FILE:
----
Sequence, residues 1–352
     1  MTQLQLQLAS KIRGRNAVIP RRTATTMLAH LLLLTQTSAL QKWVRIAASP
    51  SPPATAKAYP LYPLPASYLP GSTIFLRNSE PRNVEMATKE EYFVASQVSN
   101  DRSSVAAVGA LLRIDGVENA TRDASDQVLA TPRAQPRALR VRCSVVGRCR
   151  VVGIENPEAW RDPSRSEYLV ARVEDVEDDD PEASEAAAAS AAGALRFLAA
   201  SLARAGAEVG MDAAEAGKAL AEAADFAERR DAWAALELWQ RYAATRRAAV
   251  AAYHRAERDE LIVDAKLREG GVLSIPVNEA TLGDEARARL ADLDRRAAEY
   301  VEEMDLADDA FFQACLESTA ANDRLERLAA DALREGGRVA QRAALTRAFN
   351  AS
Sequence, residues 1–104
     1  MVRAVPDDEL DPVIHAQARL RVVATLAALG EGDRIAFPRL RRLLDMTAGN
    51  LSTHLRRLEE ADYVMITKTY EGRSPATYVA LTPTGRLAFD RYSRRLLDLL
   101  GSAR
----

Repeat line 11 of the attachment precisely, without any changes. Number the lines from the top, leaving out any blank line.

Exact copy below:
     1  MVRAVPDDEL DPVIHAQARL RVVATLAALG EGDRIAFPRL RRLLDMTAGN